The Kalamkari method of hand painting cotton or silk fabrics is a traditional method of hand painting using natural dyes and a tamarind pen. As the name implies, Kalamkari derives from a Persian word where the word ‘kalam’ indicates pen and the word ‘kari’ means craftsmanship. This craft requires 23 laborious steps, including starching, cleaning, hand painting, block printing, dyeing, bleaching, and more. Flowers, peacocks, paisleys, and divine figures from Hindu epics such as the Mahabharata and Ramayana are just a few of the motifs used in Kalamkari artwork. Nowadays, this art is primarily done to create Kalamkari sarees.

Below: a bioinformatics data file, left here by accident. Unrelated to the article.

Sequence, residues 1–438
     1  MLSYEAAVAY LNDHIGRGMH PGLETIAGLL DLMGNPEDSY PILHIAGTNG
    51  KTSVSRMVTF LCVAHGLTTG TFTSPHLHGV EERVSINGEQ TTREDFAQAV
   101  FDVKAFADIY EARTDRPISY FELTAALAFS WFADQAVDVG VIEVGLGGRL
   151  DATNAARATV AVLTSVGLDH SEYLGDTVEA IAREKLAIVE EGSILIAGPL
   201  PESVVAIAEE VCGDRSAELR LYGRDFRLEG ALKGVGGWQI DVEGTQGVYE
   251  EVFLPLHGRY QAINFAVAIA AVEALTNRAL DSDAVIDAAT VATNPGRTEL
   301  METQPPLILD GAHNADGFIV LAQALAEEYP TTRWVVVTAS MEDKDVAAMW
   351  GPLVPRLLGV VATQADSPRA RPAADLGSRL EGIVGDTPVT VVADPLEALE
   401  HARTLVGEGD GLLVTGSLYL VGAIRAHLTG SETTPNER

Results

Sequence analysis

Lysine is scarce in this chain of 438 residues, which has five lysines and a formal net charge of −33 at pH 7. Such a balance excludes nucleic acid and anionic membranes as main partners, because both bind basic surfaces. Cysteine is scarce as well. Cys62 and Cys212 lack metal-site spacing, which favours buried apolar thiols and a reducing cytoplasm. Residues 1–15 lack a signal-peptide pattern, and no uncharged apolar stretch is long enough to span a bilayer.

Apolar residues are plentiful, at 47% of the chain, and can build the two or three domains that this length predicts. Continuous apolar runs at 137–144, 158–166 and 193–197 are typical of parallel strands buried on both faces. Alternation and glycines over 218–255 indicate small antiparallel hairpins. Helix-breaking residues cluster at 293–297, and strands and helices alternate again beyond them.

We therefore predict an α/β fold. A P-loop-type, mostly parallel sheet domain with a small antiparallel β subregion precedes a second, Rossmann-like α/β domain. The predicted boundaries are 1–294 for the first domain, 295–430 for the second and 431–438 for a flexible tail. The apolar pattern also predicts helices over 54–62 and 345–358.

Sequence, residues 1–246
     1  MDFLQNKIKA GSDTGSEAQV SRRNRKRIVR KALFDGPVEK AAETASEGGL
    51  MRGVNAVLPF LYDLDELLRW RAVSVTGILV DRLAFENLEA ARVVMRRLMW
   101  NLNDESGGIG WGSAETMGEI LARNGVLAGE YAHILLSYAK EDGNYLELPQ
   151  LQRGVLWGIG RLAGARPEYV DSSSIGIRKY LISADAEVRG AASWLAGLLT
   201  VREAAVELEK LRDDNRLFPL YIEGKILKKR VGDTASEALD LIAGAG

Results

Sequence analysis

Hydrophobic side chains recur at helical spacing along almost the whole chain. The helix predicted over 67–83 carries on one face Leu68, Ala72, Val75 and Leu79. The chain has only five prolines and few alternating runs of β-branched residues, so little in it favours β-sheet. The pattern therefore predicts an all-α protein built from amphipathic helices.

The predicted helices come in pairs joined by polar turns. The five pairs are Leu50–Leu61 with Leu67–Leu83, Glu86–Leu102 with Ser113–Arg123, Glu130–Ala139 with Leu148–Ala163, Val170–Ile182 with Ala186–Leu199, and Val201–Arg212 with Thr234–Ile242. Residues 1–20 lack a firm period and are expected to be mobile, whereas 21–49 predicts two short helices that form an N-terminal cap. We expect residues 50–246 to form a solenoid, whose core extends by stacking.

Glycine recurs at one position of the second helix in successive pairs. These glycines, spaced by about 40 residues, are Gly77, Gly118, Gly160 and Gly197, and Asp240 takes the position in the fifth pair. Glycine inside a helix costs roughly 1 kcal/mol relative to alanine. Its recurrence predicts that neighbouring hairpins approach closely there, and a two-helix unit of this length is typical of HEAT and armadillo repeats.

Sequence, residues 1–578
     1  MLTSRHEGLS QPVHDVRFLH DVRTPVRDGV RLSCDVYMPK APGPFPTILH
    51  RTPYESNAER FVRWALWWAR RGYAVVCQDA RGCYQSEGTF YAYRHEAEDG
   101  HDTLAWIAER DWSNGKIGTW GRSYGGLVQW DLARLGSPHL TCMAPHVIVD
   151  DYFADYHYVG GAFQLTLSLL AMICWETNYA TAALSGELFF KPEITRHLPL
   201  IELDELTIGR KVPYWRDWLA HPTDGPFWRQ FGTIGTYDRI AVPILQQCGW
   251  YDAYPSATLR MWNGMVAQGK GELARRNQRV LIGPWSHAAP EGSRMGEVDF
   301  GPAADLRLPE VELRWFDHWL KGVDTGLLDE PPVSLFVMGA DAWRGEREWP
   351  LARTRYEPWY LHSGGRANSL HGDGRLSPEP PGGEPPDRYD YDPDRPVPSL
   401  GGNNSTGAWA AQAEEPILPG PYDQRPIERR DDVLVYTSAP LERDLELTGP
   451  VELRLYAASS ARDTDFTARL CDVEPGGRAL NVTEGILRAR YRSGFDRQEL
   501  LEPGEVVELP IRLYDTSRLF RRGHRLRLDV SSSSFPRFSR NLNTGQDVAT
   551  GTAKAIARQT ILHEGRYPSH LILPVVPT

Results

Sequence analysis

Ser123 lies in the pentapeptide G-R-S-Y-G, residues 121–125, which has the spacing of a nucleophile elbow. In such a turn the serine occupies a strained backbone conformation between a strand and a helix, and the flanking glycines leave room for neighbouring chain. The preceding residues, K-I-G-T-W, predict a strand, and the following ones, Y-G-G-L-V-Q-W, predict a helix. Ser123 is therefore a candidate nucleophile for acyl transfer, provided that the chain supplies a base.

A large number of families in Andhra Pradesh and some villages in Tamil Nadu have practiced Kalamkari art as a source of livelihood over the generations. The wealthy middle ages saw the peak of its popularity as an art form. During the Mughal rule of the Coromandel, this craft was called “qualamkari” by the Mughals, which evolved into the term “kalamkari“. During this period, cotton fabrics patterned with geometric patterns were made.
Freehand painting and block printing of vegetable dyes are used. When block printing is used, the kalam (pen) is used to draw finer details and apply some colors. This is entirely digital in the modern era. New varieties and new methods are developed, and digital files of kalamkari (pen work) are completely distributed throughout all India.